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University Honors Program

Thesis Spotlight: Grace DiPierro

By Kaitlin Lewis

One of the added benefits for students in the University Honors Program is the opportunity to complete an Honors-supported thesis project with a faculty mentor. Completed these projects cover a diverse range of fields, from creating solar-powered equipment to writing a series of short stories. Each student has the opportunity to undertake independent research while contributing new knowledge to their field. In addition, students earn six academic credit hours for their research time. 

The Honors Program asked a wide range of senior thesis writers, from health sciences to English, to share about their research and how it applies to their future goals in their field.

Grace Dipierro | Social Psychology

Senior Grace Dipierro, a psychology major with a minor in English, is currently completing her thesis in social psychology. With the mentorship of Dr. Erin Kunz, psychology professor and director of the graduate program in experimental psychology at UD, Dipierro is researching the relationship between identity awareness and political attitudes.

“We know that our decisions can be influenced by a lot of things,” Dipierro explained. “Some of those things include a person’s identities, such as being a man or woman, being black or white, and so on.” 

Dipierro said that her research involves making people more aware of one of their social identities -- either race or gender -- to see if the heightened awareness influences their voting patterns. Social identities can be categorized into majority and minority identities. White males would be considered a majority social identity, while black females are considered a minority identity.

Many times, social identities vote in a similar trend, Dipierro explained. For example, white men often vote conservatively compared to black women, who typically vote for a liberal candidate. In instances where a person has a dual identity -- both majority and minority social identities -- the individual often votes in alignment with their minority identity. For example, a black man is more likely to vote liberally.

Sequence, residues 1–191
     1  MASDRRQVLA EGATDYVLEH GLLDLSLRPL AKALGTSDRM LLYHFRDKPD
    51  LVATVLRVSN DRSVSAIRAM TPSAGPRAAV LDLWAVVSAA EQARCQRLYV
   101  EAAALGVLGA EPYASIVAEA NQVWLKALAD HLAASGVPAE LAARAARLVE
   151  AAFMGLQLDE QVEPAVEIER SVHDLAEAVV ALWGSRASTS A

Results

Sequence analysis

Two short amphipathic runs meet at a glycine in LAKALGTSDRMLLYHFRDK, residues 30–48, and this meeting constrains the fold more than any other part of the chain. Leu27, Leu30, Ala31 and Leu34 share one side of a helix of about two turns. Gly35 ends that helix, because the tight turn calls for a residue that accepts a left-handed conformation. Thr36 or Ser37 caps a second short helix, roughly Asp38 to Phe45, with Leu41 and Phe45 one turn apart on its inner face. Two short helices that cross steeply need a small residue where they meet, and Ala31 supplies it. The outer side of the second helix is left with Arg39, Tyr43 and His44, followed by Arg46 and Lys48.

Dipierro’s research lies in diving deeper into dual identities, such as white females. Specifically, Dipierro is looking into the 2016 and 2020 elections, when former President Donald Trump received most of the white female vote. Her thesis is trying to answer the question, why did white females align more with their majority identity when voting, when other dual identities often do not? 

“One potential ‘why’ is that their white identity is salient, or white women are thinking about being white at the time they are voting,” Dipierro said. “We hypothesize that when participants are made aware of their racial identity, white people will hold more conservative views while non-white people will hold more liberal views. When made aware of gender identity, we suspect that white women will view issues more liberally.” 

Dipierro said she had first become interested in research in social psychology after taking one of Dr. Kunz’s courses here at UD. Dipierro is also in the process of applying to graduate schools for the 2022 school year, and wanted a chance to pursue research now to know if a graduate program with heavy emphasis on research would be a good fit for her. Dipierro is looking into pursuing a master’s degree in clinical mental health counseling or a master of social work.

“My experience with research so far has definitely been enjoyable, but it’s not something I think I want to focus on in graduate school,” Dipierro explained. “I could see myself pursuing a research project to supplement my graduate studies, though.”

Dipierro said the Honors program has provided her with several resources to support her research, such as a tentative timeline to help keep herself and her mentor on track. Dipierro was also granted a budget to help fund her research project, which she plans to use to pay participants who complete her study. 

“Psychology research at UD usually collects samples from UD students in the introductory psychology courses,” Dipierro said. “But for my specific study, we need to reach a certain demographic, and the budget from the Honors Program will help us accomplish this.”

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